Monte Carlo review

Oh to be a 14-year-old girl once again. Because if I was, Monte Carlo would surely have been the kind of film I would have loved. A case of mistaken identity (or identity fraud) leads to three young women living out their dreams, and finding their true selves, in the lap of luxury. The problem is, I'm not 14 years old. In fact, I'm a (mumble-mumble)-year-old cynic. So the idea of three young women living out their dreams, and finding their true selves, is enough to drive me quietly insane.

Monte Carlo follows two BFFs Grace (Gomez) and Emma (Cassidy) who have been saving up for a trip to Paris to celebrate Grace's graduation from High School. Unfortunately Grace's mother thinks it's a great idea to send along Grace's step-sister Meg (Meester) too. Once the three of them arrive in the French capital things start to go wrong - they're booked on the tour from hell, staying in a horrible hotel and get separated from their tour group on a trip up the Eiffel Tower. And then it rains! The horror! After dashing into the nearest swanky hotel, the three encounter bored British socialite Cordelia Winthrop Scott who also happens to be a dead-ringer for Grace. And so begins a story of mistaken identity, fantastic fashion and being true to your real self.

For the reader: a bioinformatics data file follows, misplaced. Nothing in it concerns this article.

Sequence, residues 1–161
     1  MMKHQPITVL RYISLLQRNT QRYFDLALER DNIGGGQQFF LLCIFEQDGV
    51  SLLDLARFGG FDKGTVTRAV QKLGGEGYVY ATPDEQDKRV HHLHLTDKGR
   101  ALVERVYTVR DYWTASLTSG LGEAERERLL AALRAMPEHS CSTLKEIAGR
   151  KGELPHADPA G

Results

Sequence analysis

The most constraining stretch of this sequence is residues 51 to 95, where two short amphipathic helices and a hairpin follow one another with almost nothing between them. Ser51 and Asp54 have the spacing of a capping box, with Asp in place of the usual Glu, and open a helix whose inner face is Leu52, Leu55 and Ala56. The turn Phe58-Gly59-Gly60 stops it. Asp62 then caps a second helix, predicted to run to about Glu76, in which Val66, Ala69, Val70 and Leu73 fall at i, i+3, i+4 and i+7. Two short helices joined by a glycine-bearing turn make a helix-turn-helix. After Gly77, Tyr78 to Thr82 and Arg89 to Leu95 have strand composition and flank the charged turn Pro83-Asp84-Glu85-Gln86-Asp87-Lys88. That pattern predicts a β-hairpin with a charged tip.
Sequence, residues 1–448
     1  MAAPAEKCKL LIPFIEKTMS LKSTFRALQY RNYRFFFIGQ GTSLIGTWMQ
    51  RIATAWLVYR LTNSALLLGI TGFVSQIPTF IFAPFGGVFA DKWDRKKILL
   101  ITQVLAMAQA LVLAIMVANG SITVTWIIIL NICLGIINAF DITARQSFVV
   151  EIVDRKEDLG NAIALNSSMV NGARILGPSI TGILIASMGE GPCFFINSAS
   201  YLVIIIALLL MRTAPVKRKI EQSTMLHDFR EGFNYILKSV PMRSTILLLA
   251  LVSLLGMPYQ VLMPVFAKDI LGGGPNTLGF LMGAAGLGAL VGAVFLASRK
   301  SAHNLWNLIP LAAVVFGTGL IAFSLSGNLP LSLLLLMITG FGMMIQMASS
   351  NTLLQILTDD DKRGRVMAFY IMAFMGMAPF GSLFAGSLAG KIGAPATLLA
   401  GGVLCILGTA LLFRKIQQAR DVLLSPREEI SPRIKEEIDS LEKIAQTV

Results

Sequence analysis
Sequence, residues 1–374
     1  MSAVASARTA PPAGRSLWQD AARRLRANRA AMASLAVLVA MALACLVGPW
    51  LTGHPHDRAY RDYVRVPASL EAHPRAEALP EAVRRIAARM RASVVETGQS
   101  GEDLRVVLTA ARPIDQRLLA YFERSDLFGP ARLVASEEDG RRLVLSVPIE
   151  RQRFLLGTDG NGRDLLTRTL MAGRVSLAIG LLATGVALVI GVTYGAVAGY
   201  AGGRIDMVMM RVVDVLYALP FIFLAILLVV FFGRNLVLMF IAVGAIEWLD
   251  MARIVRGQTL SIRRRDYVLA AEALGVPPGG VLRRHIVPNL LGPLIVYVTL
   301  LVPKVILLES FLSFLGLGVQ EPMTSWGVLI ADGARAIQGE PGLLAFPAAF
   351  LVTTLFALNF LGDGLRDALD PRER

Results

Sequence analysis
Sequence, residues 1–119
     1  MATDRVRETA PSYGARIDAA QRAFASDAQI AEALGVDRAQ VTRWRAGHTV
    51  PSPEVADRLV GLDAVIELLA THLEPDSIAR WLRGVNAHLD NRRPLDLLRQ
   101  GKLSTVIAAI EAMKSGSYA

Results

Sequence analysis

Each girl gets a romantic storyline, although the boys aren't nearly as fleshed out as the female characters. The main problem with the film is the lead actress still looks the same age as the target audience. Gomez obviously has a Dorian Grey-esque portrait locked away somewhere to keep her looking so young. And with her looking so young, the other two lead characters look such a lot older then her, so you wonder what they're doing hanging out with her. However, she does get to show some acting chops as the stuck-up Cordelia. A much stronger character than the soppy Grace.

The plot is extremely obvious, pretty much all the big points are signposted from the very beginning. In a way, it reminds me of The Princess Diaries, but without the humour (or Julie Andrews). It's also too long, it would have been much easier to sit through at 90 minutes.

As I said at the beginning, it's a perfect film for a 14-year-old girl. For anyone else – maybe wait for the TV premiere – although Gomez will probably look even younger by then!

Monte Carlo at IMDb

Stuart O'Connor is the Managing Editor of Screenjabber, the movie review website he co-founded with Neil Davey far too many years ago. He likes all genres, as long as the film is good (although he does enjoy the occasional bad "guilty pleasure"), and drinks way too much coffee.

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